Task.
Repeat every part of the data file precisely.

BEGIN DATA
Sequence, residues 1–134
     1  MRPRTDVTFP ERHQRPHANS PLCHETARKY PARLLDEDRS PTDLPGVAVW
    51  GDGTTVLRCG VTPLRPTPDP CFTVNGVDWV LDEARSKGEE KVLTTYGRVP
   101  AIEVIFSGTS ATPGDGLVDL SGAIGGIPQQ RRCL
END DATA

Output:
Sequence, residues 1–134
     1  MRPRTDVTFP ERHQRPHANS PLCHETARKY PARLLDEDRS PTDLPGVAVW
    51  GDGTTVLRCG VTPLRPTPDP CFTVNGVDWV LDEARSKGEE KVLTTYGRVP
   101  AIEVIFSGTS ATPGDGLVDL SGAIGGIPQQ RRCL